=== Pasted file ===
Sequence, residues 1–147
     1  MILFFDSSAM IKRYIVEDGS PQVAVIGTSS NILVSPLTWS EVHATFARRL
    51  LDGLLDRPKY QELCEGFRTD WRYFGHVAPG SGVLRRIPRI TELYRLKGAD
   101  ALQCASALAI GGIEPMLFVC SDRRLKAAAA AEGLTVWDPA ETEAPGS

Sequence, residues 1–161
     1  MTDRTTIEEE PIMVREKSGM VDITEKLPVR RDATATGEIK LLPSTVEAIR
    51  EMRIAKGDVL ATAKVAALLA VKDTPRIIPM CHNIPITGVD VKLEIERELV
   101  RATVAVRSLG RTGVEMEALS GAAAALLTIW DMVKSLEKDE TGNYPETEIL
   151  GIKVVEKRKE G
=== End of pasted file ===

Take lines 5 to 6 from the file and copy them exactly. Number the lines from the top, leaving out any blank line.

Sequence, residues 1–161
     1  MTDRTTIEEE PIMVREKSGM VDITEKLPVR RDATATGEIK LLPSTVEAIR